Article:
Zurich Bog — Nature on Acid

November 12, 2011 at 6:00 am 1 comment

Finger lakes Summer

Parade of fall colors in a peat bog

Upstate New York shows off its incredible natural diversity via Zurich Bog. The bog is protected as part of  the Bergen Swamp Preservation Society. It is located between Newark and Sodus New York, just east of Brantling Ski Slope.

In fall the surface of the bog turns brilliantly red as the normally green peat that acts as a carpet over the surface of the bog dramatically changes color and provides a startling contrast to the surrounding beech-filled woods.

Acid bogs are formed when a type of moss called sphagnum (or peat moss) grows over the surface of a pond. Sphagnum actually changes its environment to be less hospitable to other species. A well-established colony of sphagnum moss can lower the pH of its host lake to around 3.5.

Finger lakes Summer

Carnivorous Pitcher Plants thrive in an acid bog

This, of course, makes the bog inhospitable to more neutral pH plants, and whole new species have evolved just to fit into the ecosystem that sphagnum creates. One particularly cool adaptation is carnivorous. Brilliantly colorful and exotic looking Pitcher Plants capture insects in order to obtain the nutrients that are missing in their acidic diet.

Finger lakes Summer

Safe passage through the bog

Generally, the sphagnum grows inward from the edges of the pond, swelling as it takes in up to twenty times its dry weight in water and forming a raised mat. At some point, this mat stops being directly connected to the bottom, and if you’re walking out onto the bog, you’re literally being held up only by floating sphagnum.

Out on the bog it feels like you are walking on a water-bed. The signs at the entrance do not recommend you walk through the bog, off the planked trail, in order to protect the delicate bog and to keep you safe and dry.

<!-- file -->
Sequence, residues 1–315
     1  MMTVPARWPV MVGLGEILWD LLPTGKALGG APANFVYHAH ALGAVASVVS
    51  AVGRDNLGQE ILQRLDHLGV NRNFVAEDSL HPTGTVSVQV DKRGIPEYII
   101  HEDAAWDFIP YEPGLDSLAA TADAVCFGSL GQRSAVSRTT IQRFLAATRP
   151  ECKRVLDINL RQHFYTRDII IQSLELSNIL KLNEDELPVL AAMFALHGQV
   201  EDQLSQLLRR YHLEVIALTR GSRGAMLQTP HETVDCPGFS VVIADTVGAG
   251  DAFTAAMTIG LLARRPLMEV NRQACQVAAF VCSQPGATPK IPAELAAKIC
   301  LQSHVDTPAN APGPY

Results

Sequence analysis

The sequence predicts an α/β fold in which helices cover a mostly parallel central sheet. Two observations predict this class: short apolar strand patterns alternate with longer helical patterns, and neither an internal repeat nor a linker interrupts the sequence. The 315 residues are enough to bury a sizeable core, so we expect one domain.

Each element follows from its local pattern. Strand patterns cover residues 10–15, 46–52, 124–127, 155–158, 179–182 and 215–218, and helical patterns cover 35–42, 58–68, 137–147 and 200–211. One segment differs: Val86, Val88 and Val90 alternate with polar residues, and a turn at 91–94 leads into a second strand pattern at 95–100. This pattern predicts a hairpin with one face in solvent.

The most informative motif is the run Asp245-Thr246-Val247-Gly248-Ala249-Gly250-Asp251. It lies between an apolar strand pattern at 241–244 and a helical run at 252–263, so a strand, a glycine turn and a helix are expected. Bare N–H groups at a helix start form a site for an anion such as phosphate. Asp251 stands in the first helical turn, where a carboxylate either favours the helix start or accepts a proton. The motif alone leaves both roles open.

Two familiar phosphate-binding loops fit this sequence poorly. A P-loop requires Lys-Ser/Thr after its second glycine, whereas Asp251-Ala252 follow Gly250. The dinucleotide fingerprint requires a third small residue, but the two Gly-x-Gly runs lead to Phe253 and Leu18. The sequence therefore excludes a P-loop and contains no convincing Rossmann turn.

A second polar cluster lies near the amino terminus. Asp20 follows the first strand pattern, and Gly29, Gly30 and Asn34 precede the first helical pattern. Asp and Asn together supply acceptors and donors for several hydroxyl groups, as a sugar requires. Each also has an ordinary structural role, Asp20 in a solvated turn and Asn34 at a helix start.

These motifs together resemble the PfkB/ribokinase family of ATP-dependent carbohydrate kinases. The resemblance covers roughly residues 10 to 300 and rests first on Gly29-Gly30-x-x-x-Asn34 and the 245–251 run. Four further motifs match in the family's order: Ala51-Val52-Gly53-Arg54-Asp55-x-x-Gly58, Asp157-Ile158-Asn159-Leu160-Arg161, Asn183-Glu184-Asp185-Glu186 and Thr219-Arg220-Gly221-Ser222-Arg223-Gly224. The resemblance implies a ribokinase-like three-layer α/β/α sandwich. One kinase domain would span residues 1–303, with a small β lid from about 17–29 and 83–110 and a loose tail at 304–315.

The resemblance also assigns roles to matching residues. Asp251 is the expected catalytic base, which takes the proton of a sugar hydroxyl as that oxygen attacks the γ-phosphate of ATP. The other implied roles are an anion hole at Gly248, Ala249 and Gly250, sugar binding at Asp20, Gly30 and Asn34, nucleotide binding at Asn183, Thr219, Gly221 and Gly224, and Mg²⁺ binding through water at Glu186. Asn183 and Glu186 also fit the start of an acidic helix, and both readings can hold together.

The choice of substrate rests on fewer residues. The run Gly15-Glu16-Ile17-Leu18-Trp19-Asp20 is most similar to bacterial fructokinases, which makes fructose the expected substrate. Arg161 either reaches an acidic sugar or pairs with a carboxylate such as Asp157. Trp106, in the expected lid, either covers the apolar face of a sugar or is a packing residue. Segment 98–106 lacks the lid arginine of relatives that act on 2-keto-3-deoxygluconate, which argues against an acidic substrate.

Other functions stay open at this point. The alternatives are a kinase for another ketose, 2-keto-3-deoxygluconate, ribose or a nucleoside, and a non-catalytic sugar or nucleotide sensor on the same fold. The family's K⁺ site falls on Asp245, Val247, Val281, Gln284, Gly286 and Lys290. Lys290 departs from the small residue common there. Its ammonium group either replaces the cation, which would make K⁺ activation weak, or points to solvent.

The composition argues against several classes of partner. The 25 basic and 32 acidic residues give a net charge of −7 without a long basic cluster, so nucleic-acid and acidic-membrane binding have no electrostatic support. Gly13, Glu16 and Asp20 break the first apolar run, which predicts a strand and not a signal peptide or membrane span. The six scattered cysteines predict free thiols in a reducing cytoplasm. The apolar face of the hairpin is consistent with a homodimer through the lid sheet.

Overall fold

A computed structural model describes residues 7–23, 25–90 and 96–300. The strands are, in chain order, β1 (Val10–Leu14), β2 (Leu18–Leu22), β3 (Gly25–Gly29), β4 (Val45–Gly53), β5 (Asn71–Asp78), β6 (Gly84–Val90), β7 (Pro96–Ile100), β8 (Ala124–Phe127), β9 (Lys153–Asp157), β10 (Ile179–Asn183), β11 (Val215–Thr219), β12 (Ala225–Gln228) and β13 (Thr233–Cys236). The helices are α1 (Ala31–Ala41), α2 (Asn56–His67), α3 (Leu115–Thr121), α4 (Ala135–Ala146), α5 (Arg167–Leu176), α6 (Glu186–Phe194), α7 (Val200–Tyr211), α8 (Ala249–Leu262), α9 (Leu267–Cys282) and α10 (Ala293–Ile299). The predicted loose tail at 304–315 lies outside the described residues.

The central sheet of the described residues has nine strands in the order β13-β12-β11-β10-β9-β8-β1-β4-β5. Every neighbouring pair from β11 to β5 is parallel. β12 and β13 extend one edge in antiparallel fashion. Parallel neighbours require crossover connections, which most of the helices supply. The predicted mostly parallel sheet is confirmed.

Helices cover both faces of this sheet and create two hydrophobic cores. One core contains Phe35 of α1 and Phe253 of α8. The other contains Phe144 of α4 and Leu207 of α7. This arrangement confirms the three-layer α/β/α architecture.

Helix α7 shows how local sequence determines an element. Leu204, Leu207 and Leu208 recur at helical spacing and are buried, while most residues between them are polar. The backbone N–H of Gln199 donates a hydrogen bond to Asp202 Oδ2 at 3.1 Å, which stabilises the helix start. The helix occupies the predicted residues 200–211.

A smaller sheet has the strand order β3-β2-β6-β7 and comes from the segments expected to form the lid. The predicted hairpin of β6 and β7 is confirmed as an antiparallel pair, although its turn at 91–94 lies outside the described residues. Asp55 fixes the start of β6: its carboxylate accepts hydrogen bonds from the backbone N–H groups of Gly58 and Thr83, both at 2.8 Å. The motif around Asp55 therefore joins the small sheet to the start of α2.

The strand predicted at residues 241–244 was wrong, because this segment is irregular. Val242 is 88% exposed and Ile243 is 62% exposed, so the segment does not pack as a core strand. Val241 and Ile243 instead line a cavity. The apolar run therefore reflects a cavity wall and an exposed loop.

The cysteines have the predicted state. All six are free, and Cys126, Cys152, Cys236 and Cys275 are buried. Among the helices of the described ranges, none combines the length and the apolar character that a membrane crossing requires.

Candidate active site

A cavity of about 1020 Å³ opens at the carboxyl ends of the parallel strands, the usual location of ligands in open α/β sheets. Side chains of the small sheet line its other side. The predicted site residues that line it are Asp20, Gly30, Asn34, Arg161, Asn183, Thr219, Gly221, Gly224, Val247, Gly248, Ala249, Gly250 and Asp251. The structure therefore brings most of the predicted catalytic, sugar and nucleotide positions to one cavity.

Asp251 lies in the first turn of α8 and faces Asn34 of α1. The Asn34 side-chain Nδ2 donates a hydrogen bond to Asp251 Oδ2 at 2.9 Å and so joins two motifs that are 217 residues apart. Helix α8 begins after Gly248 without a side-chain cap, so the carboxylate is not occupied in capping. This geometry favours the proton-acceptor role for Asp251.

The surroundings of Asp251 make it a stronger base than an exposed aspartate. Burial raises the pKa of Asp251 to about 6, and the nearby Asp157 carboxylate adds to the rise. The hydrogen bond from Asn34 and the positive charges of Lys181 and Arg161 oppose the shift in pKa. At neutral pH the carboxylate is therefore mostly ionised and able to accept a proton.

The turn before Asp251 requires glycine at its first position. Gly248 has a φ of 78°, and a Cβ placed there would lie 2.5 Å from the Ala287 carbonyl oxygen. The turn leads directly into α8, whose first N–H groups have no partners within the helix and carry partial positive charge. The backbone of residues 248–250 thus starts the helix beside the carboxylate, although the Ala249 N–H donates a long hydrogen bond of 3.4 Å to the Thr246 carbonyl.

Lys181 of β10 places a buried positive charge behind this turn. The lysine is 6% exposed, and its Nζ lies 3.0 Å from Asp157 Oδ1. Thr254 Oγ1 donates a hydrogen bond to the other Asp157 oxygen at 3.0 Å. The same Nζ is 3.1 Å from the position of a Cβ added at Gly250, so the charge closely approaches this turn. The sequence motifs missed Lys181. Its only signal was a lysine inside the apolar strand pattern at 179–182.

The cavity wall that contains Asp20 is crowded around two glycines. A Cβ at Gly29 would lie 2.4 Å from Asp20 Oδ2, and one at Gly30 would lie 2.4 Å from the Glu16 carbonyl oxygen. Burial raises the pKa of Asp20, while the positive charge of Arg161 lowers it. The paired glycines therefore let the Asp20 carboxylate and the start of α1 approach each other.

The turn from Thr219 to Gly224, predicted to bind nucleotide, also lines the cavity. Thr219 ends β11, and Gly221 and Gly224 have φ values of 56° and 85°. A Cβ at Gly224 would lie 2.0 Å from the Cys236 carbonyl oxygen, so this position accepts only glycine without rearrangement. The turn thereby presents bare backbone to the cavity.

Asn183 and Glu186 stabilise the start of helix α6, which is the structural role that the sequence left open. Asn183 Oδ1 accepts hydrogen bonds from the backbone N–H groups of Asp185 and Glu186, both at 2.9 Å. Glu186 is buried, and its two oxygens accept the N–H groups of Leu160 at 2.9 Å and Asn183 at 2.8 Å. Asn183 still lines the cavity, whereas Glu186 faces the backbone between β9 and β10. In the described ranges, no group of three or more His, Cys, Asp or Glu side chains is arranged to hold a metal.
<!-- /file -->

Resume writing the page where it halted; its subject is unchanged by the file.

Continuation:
Cold enough for ice cubes in the pitcher

The diversities of an acid bog and the surrounding hilly woods create a spring carpet of wildflowers. Zurich Bog  encourages wildflowers that are predominantly found in the Adirondacks. The Beech/Maple drumlins have a soil that encourages diverse woodland wildflowers April – June.

I have listed the names of some of the flowers and plants that grow in the bog and surrounding woods because they have such great names:

Spring Beauty, Lady Slipper, Cut-leaved Toothwort, Bloodroot, Christmas fern, Trillium, Trout Lilies,  May Apples, Jack in the Pulpit, Dutchman’s Breeches, Squirrel Corn, Marsh Marigolds, Hepatica, Cinnamon Fern, Royal Fern, Sensitive Fern.

Finger lakes Summer

Beech trees surround the bog providing a stark color contrast

Trail map

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Entry filed under: Bog, Environmental Protection Fund, Finger Lakes, Hiking, New York, New York State Parks, Trails. Tags: , , , .

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1 Comment Add your own

  • 1. Marie Alexander  |  August 22, 2012 at 2:31 pm

    Aww Would be such a shame to loose the Bog.. I have never seen it and just learned about it.. They should do a news report on the Bog

    Reply

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